Friday, September 29, 2023

Fables of the Public Domain - Part 1


                Bill Willingham threw a curveball at the comic book industry when he recently announced that he was dedicating his Fables comics to the public domain.   In his blog post, he stated that he was doing so because of disputes with DC Comics, the publisher of the Fables comics. This announcement has brought up numerous interesting issues, and I will try to address them below.

The first issue that comes up is whether he can dedicate his works to the public domain. This is a tricky question for a few reasons.

First, there is no firmly established mechanism to prematurely donate works to the public domain. Works usually only enter the public domain once their term of copyright protection has expired. The term of protection can vary, but the general rule is life of the author plus 70 years.

 The legal community seems split on whether someone can truly put their works into the public domain before the end of copyright protection, with many viewing any early dedications to the public domain being more akin to an agreement not to sue for what would otherwise be copyright infringement. Mostly, this is because there is nothing preventing someone from later recanting it.

Nevertheless, there are ways someone can attempt to dedicate their works to the public domain. A public statement declaring a work to be in the public domain is one method.  Another would be to place a statement on the work at the time of publication. There are licenses that work similarly, such as Creative Commons 0. Others have put their works into trusts, which can function according to the artist’s wishes. This is the approach Tom Lehrer took when released his songs into the public domain.

Even though some question whether a work can be dedicated to the public domain early, statements that works are in the public domain can be held against the creator. For instance, a few years ago photographer Carol Highsmith, who has dedicated her photos to the public domain,[1] sued Getty Images after receiving an invoice from a monitoring service working on behalf of the photo agency. Highsmith’s images had been uploaded into Getty’s for-profit licensing program, either by Getty or by users,  and the monitoring service claimed Highsmith’s use of her own photo violated their licensing rights. . Highsmith sued Getty after discovering that thousands of her photos had been uploaded into their program, and Getty was continuing to charge users a licensing fee. The court dismissed many of her claims, and it appears likely that it was due to the fact her works were dedicated to the public domain.[2] Unfortunately, there was not a written decision in the case explaining the rationale for the decision; so, it is an assumption that the photos’ status as being in the public domain played a part in the decision to dismiss. It’s also worth noting that she dedicated a certain amount of her works to the Library of Congress via a document titled “Instrument of Gift”, which stated, “I hereby dedicate to the public all rights, including copyrights throughout the world, that I possess in this collection.” You can see more of her collection here along with the rights and restrictions language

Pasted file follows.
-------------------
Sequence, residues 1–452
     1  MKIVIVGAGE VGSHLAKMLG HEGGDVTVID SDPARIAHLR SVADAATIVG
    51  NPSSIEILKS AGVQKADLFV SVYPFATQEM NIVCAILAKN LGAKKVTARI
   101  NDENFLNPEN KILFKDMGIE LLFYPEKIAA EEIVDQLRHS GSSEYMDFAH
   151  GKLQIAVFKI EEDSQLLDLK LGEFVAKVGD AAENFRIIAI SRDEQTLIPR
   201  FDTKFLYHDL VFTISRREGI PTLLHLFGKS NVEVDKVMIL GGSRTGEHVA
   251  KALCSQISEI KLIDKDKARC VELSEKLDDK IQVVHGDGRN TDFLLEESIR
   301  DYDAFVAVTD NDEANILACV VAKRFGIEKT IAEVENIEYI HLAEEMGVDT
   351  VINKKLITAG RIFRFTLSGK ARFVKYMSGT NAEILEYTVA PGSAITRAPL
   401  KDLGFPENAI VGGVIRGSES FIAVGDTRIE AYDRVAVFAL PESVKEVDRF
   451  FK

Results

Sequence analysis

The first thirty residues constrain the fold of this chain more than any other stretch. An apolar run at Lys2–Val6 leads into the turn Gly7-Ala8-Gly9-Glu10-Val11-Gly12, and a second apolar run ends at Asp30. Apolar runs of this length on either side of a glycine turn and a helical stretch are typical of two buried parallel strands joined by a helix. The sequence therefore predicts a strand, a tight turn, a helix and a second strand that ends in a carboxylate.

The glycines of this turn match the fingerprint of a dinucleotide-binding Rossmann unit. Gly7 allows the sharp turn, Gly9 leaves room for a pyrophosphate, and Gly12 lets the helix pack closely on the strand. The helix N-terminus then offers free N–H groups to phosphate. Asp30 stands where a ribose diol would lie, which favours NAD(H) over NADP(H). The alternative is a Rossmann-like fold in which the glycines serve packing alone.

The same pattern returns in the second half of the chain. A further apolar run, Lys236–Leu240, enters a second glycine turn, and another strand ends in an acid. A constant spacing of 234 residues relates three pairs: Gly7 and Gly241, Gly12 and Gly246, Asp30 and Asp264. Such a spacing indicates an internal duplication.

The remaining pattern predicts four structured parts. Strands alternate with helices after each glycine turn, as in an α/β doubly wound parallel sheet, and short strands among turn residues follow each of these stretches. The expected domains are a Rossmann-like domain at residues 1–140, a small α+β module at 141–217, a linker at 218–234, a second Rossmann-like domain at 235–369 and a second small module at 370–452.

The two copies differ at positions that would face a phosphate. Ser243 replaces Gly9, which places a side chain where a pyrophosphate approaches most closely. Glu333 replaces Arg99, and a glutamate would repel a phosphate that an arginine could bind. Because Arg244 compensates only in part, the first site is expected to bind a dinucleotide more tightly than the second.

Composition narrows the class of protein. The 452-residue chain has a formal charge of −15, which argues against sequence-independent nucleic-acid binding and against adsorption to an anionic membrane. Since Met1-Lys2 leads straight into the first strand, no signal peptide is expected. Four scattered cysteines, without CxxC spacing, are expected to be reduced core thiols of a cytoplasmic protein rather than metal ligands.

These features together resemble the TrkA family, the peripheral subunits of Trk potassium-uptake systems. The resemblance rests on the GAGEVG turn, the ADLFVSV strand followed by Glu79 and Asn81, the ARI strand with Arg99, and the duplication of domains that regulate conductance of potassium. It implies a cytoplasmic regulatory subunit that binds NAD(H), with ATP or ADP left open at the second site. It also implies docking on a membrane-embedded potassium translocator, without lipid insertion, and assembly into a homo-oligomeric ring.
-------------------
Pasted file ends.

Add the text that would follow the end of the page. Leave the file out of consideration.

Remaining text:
Next week, I will post about some of the other issues involved with Willingham’s pronouncement.

[1] There is some confusion in the reporting as to whether she donated them for public use, and retained copyright, or to the public domain. Unfortunately, we never received a ruling in the case on this point.

[2] See case files of Highsmith v. Getty Images, Inc., 1:16-cv-05924 (SDNY 2016). See also

Wednesday, August 30, 2023

Who owns the copyright in AI-generated works? - Part 2


                A federal court recently issued a ruling stating that works created by AI are not eligible for copyright protection. There was much rejoicing. Unfortunately, this question is far from being settled, and there are still ways for AI-generated works to receive protection.

                The case[1] involved a piece of art generated by an AI program. The plaintiff, Stephen Thaler, argued that the AI program should be listed as the author of the work, and Thaler should be the owner of the copyright because he owns the program. The court found that copyright law only grants protection to works created by humans. This is the first court ruling on whether an AI-generated work can be subject to copyright protection, and, if it is not appealed, could be influential. It should be noted, however, that the decision is not binding on other courts.

                While this is a good first step, the court did leave open areas that are sure to be fought over later. In its discussion, the court said that human involvement in creating a work could entitle the work to copyright protection. Currently, based on Copyright Office guidance, this is limited to selection and arrangement. So far, there is no bright line regarding how much involvement will be necessary to make an AI-generated work copyrightable. The courts, or Congress, will eventually have to set forth the framework for how much human involvement is needed to enable copyright protection for an AI-generated work. So far, entering prompts into a keyboard and allowing the computer to create something is not enough human involvement.